common, acne is the name given to pimples and blackheads that arise due to an inflammatory process in the sebaceous glands and hair follicles. Very common in adolescence, but it is also common in adults, especially women. In addition to the discomfort of injuries, as appearance in adolescence is an important factor, the aesthetic compromise determined by skin changes can reach the psychological side and make the adolescent insecure, shy, depressed, unhappy, with a lower self-esteem and with serious consequences that may persist for life.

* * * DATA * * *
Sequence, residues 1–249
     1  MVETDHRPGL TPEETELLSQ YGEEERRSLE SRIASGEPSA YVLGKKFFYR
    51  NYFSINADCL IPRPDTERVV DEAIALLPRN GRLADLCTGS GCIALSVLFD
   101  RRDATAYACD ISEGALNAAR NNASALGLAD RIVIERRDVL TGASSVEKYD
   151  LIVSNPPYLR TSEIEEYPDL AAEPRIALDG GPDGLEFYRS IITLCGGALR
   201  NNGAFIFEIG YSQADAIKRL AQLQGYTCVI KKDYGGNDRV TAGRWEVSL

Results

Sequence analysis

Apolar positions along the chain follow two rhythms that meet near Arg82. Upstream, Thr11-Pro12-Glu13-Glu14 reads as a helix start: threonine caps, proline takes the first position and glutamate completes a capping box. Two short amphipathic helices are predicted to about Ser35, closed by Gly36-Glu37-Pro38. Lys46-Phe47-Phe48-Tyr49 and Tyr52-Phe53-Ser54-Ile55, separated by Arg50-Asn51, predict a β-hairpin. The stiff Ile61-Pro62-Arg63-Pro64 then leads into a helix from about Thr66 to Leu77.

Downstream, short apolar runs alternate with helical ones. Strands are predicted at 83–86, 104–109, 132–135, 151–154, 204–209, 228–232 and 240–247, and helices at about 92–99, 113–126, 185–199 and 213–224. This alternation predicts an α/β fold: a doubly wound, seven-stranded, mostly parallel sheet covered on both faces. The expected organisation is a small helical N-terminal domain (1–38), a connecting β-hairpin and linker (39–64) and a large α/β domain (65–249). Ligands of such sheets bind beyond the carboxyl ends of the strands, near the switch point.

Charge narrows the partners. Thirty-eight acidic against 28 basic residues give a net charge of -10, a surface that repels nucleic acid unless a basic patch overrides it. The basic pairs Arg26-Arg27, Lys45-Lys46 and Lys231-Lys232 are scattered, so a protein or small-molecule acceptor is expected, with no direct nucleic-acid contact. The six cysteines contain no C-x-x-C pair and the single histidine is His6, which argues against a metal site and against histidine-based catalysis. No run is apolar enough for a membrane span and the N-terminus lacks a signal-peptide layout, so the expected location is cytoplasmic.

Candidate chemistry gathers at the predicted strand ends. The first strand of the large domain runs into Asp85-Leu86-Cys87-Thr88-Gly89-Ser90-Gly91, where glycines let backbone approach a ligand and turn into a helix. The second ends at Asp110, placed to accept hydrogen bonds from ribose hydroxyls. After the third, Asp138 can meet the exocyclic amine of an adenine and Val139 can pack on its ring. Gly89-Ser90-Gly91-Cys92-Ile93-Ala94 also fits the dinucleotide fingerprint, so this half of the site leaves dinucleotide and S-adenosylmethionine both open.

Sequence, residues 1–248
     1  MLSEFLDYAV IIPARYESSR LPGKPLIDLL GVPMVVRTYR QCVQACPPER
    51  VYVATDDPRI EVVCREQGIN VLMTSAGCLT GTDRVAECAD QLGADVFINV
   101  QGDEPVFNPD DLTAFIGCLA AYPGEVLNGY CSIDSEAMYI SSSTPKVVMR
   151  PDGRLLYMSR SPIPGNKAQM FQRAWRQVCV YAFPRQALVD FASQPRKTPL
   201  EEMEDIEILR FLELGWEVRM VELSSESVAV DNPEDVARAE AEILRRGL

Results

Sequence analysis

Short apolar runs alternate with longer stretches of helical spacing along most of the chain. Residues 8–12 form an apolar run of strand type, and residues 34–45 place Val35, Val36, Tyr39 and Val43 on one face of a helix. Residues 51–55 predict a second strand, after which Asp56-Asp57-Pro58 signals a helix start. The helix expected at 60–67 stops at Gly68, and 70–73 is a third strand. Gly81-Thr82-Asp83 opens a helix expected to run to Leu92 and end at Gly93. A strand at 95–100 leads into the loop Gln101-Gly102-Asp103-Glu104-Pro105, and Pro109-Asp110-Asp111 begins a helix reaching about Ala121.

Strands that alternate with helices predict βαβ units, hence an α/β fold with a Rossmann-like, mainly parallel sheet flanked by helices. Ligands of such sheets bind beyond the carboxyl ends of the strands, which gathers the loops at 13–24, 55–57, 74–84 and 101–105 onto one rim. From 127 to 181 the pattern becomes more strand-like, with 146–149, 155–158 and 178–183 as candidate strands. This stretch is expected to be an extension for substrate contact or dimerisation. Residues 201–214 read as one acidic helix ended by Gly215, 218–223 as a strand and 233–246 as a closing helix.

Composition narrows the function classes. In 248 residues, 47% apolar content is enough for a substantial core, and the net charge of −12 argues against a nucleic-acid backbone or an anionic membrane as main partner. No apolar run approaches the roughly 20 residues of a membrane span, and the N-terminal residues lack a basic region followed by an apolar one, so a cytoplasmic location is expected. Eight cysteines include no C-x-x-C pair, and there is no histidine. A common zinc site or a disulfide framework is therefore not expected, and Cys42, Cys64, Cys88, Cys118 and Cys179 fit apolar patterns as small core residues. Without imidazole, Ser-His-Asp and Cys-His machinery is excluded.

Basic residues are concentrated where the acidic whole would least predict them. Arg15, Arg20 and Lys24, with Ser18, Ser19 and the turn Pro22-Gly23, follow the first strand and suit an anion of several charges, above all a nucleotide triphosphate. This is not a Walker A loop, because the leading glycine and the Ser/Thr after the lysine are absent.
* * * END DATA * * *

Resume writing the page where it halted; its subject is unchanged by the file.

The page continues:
Sex hormones, which begin to be produced at puberty, are primarily responsible for changes in skin characteristics, as well as the appearance of acne. Lesions appear more frequently on the face, but can also occur on the back, shoulders and chest. These hormones, called androgens and estrogens, are produced both by the ovaries (woman) and testicles (man) and by the adrenal glands (two small glands located over the kidneys) in both sexes. The production of androgens is greater in men and that of estrogens is greater in women. Androgens are responsible for initiating the functioning of the so-called sebaceous glands that are most active on the face, chest, back and scalp. These glands are present since birth, but they are more active at puberty, a time when, in people with a genetic predisposition, it triggers changes related to the fat content (sebaceous secretion) of the skin and scalp. Thus, the main symptoms are: comedones (blackheads); papules (solid, rounded, hardened and erythematous lesions); pustules (lesions with pus); nodules (lesions characterized by inflammation, which expand through deeper layers of the skin and can lead to tissue destruction, causing scarring) and cysts (larger than the pustules, inflamed, expand through deeper layers of the skin, can be very painful and leave scars). There may be worsening related to stressful situations or menstrual periods. Certain medications such as corticosteroids, B vitamins, excessive exposure to the sun, contact with oils, greases or fatty products, time of year (especially winter) and, mainly, the habit of touching the lesions (“squeezing blackheads and pimples”) worsens the condition. Acne is not contagious and is not related to the “dirt” of the skin or blood.